But if ever a reason is needed for a heritage listing of these very areas, it is this: The buildings of the 1930s and 1940s represent the first examples of Mumbai’s home-grown architectural practice. After graduating from the Sir JJ School, having studied and worked with stalwarts like Claude Batley, C. M. Master, Foster King and G. B. Mhatre, these young architects would design hundreds of buildings in these emerging localities and collectively establish an urban image
that was both unique and local, an expression of RCC adapted to Mumbai’s tropical climate and the social exigencies of middle income housing.

Here are some of the architects and architecture firms who designed most of the buildings in the Shivaji Park locality at this time: G. B. Mhatre, S. H. Parelkar, V. M. Suvarnapatki, R. K. Joshi, D. P. Borkar, S. J. Narvekar, G. D. Sambhare, G. W. Marathe, D. G. Vaidya, S. M. Kini; Patki, Jadhav & Dadarkar, Jaykar & Gupchup, Parelkar, Ovalekar, Gore & Parpia and the Dhurandhar brothers. The buildings around Shivaji Park, Five Gardens and the Dadar-Matunga estate were predominantly designed by pioneering Marathi Manoos. Seeking to destroy them today in the name of redevelopment is to erase an essential, eighty year old built heritage that contributed to the Marathi asmita (pride) of the city, just as much as the poets and litterateurs of the language did.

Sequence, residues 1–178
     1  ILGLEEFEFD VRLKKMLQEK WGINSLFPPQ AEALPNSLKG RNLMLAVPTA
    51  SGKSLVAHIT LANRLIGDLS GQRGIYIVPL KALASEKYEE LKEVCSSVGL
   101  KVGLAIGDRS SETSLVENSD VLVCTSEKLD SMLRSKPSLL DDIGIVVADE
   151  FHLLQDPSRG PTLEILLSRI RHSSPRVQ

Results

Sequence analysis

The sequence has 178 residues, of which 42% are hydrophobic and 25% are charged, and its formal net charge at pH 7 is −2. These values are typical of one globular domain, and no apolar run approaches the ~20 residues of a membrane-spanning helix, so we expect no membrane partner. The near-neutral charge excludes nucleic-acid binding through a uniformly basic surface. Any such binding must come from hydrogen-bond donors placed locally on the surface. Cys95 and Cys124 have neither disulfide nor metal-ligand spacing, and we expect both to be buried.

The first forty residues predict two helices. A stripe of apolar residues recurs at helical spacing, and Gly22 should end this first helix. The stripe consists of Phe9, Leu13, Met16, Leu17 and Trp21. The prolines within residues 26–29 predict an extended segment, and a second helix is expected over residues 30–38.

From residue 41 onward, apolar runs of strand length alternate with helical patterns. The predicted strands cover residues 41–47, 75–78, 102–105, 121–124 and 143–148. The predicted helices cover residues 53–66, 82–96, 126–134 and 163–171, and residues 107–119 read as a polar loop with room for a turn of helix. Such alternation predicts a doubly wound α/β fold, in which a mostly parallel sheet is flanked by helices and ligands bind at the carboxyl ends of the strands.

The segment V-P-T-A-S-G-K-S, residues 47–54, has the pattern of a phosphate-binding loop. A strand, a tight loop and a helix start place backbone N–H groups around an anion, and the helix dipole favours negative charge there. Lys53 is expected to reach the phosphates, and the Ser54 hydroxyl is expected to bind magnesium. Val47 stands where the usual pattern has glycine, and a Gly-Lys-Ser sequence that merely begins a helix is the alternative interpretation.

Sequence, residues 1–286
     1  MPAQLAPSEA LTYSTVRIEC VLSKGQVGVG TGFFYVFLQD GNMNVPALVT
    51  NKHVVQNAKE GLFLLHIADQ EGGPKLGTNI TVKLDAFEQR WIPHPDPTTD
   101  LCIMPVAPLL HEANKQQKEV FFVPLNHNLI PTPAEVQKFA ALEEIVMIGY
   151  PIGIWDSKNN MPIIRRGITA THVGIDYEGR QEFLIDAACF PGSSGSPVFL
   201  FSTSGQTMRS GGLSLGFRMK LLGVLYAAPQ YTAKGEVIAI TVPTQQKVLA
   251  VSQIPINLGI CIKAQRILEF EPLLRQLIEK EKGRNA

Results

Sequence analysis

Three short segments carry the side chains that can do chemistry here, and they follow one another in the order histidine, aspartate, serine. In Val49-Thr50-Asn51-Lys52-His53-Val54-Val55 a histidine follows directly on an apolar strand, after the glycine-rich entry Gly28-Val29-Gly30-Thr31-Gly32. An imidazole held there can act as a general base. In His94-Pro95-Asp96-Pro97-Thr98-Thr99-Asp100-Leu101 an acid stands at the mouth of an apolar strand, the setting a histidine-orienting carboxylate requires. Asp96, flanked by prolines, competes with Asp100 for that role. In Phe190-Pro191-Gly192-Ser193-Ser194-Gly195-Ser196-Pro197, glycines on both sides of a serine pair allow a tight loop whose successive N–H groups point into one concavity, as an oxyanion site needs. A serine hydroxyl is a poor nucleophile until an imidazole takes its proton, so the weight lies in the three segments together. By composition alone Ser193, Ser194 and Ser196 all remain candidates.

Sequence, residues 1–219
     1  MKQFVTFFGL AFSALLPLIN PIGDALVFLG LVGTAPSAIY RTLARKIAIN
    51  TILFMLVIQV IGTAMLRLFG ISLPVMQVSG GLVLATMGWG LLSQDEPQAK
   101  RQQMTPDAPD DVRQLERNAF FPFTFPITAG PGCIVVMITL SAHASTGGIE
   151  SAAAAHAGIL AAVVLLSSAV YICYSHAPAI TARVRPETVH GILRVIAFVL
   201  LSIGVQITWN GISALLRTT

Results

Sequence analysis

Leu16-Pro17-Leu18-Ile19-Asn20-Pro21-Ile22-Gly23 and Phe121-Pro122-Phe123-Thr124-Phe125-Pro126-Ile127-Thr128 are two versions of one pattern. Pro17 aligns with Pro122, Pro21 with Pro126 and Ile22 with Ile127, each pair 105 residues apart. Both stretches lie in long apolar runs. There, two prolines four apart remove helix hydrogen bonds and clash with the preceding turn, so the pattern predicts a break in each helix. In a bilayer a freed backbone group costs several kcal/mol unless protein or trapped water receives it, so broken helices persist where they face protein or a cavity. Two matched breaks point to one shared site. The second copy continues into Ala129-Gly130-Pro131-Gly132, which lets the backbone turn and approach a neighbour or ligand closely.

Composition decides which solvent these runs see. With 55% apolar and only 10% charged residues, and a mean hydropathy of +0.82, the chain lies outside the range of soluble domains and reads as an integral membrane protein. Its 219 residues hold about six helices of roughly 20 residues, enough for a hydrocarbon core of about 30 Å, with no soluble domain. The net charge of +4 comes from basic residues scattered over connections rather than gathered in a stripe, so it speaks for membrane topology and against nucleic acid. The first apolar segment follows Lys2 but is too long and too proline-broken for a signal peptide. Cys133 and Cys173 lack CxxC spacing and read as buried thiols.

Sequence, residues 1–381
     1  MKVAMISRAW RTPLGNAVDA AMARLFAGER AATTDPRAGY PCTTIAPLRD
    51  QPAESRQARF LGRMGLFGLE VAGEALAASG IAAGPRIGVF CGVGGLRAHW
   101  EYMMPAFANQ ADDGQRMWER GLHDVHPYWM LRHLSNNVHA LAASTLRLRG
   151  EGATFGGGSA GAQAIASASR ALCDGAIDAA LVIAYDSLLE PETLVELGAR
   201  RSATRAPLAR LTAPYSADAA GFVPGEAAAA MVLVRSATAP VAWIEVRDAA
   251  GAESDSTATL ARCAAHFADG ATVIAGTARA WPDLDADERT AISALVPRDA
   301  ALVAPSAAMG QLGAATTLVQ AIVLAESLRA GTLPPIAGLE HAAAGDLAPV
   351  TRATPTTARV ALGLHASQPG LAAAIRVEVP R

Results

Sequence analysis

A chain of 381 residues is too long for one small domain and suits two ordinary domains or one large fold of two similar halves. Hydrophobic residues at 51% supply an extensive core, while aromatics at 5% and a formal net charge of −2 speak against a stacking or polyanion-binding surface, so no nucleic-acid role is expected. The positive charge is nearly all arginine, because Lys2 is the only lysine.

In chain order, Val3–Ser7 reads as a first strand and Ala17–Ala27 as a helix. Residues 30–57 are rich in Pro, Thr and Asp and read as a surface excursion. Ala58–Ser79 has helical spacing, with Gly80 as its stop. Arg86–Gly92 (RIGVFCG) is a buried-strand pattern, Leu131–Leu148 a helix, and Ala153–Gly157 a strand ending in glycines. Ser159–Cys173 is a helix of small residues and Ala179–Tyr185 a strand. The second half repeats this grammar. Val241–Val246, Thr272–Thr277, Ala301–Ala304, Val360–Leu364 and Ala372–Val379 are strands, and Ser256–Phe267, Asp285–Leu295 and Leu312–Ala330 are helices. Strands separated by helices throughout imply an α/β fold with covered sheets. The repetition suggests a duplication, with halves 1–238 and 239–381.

Happily, redevelopment does not mean the wholesale demolition of buildings so that towers can be built in their place. Heritage conservation is sufficiently well developed in Mumbai, with some excellent practitioners who can refurbish these buildings and adapt them for contemporary use, easily increasing their age for many decades to come. The buildings and the concurrent fabric can remain as it was, even as users and uses change. The present open precincts do
not need to become walled enclosures for the affluent. The Marathi socio-cultural sphere has always been nourished by the buildings of middle Mumbai, as much as it has by the chawls of Girangaon. Both formed the fertile ground for a lot of its expression over the last half century or so, but have never been acknowledged as the agency that encouraged this.

In our world of rising affluence today, we are happy to wallow in the ignorance of our own past. Happy to flush it away as irrelevant, we choose to selectively raise a banner of victimhood instead. Preserving the immovable feast that is architecture and encouraging its appreciation is an ongoing cultural sustenance. Recognising our heritage is  recognising ourselves.